**This assertion is not true.**Let that assertion – if it is an assertion – be called ‘L’.

If L is an assertion – the assertion that L is not true – then L is an assertion that it is not true that L is not true, and so L is also an assertion that L is true. That is unusual, to say the least; but it is clear enough what is being asserted – how else could we know that it had that unusual property? – and so L is fairly clearly an (unusual) assertion. And if L is as true as not (see below), then it is as true to say

*that L is true*as it is to say

*that it is not*, so there is that consistency. Note that L is not a simple conjunction of those two assertions; it is wholly the assertion that L is not true (if it is an assertion), and it thereby asserts that L is true. And note that no assertions are perfectly straightforward; all are to some extent vague, for example.

Nevertheless, logic seems to take L to a
contradiction. (By ‘logic’ I mean that which formal logics model mathematically. Formal axioms are abstracted from informal but rigorous arguments, arguments so rigorous that we regard them as proofs. Were such a proof to include a step that did not correspond to any axiom, we should have a reason to revise our formal logic; we should have no reason to reject the proof.) If L is true – if it is true that L is not true (and that L is true) – then L
is not true (and true). But L cannot be true and not true, of course; the ‘not
true’ rules out its being true. And so if L must be either true or else not
true, then it follows that L is not true. But if L is not true – if it is not
true that L is not true (and that L is true) – then L is true (and not true); and
L cannot be true and not true.

So, logic takes L to a
contradiction if – and as shown below, only if – we assume that assertions must
be either true or else not true. The negation of that assumption is not
logically impossible – see below – and so it is that assumption that logic is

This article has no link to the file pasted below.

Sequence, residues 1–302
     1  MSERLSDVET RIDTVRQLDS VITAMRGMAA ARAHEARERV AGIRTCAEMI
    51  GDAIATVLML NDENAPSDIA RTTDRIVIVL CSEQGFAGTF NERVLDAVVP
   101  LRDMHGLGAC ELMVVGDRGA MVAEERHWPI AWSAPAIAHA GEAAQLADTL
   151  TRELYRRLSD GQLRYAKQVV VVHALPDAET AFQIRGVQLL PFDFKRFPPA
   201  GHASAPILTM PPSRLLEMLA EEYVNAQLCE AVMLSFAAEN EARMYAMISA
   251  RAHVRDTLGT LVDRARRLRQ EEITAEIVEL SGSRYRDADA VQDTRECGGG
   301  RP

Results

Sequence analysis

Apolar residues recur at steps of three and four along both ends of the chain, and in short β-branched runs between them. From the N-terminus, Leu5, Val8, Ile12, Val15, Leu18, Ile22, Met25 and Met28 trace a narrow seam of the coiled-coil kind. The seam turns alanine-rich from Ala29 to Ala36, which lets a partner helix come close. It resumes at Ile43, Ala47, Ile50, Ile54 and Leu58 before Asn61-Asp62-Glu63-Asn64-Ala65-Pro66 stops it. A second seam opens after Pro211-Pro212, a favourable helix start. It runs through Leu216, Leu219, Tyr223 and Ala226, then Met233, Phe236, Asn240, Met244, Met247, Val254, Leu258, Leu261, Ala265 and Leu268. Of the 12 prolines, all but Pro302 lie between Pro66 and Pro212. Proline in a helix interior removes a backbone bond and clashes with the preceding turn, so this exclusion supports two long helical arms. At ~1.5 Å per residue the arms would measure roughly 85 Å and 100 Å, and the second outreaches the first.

taking to a contradiction. That assumption is certainly very plausible, of
course. To want the truth of a matter is to want things to be made clear. It is
to want the vagueness to be eliminated. Nevertheless, there are a variety of
abnormal situations where it would be highly implausible for the assumption in
question to be true (and L is not a normal assertion). Suppose, for example, that @ is
originally an apple, but that it has its molecules replaced, one by one, with
molecules of beetroot. The question ‘what is @?’ is asked after each
replacement, and the reply ‘it is an apple’ is always given. Originally that
answer is correct: originally it is true that @ is an apple. But eventually it
is incorrect. And so if the proposition

*that @ is an apple*must be either true or else not, then an apple could (in theory) be turned into a non-apple – some mixture of apple and beetroot – by replacing just one of its original molecules with a molecule of beetroot. And that, of course, is highly implausible.
What is surely possible, since
far more plausible, is that @ is, at such a stage, no less an apple
than apple/beetroot mix, that it is as much an apple as not, so that
the assertion

*that @ is an apple*is as true as not. That assertion could not be true without @ being an apple, nor not true without @ not being an apple (and we can rule out neither true nor not true, because that is just not true and true). More precisely, @ is likely to move from being an apple to being as much an apple as not in some obscure way that is, to some extent, a matter of opinion. In between true and not true we may therefore expect to find states best described as ‘about as true as not, but a bit on the true side’, ‘about as true as not’ (a description that would naturally overlap with the other descriptions) and ‘about as true as not, but a bit on the untrue side’. For such abnormal situations, formalistic precision would be quite inappropriate, because the truth predicate is indeed suited to the elimination of vagueness. It is much better to say ‘it is as much an apple as not’ instead of ‘it is an apple’ when the former is true, the latter only as true as not.
But we cannot express L better, we
have to understand it as it is. Fortunately, if we do not assume that
assertions must be either true or else not true, then from the definition of L
it follows only that (if L is an assertion then) L is true insofar as L is not true, and hence that L is as
true as not. There is no contradiction, and so either L is not even an assertion (which seems implausible) or else the Liar paradox is a disguised
proof by

*reductio ad absurdum*that it is not the case that assertions must be either true or else not true. Note that there is no ‘revenge’ problem with this resolution. E.g. consider the strengthened assertion R, that R is not even as true as not (which is thereby also an assertion that R is at least as true as not). If R is true then R is false (and true), if R is as true as not then R is false (and true) and if R is false then R is true (and false); but, if R is about as true as not, a bit on the untrue side, then it would be about as false as not to say that R was not even as true as not (and about as true as not to say that R was at least as true as not). Greater precision than that would be inappropriate for an assertion as unnatural as R.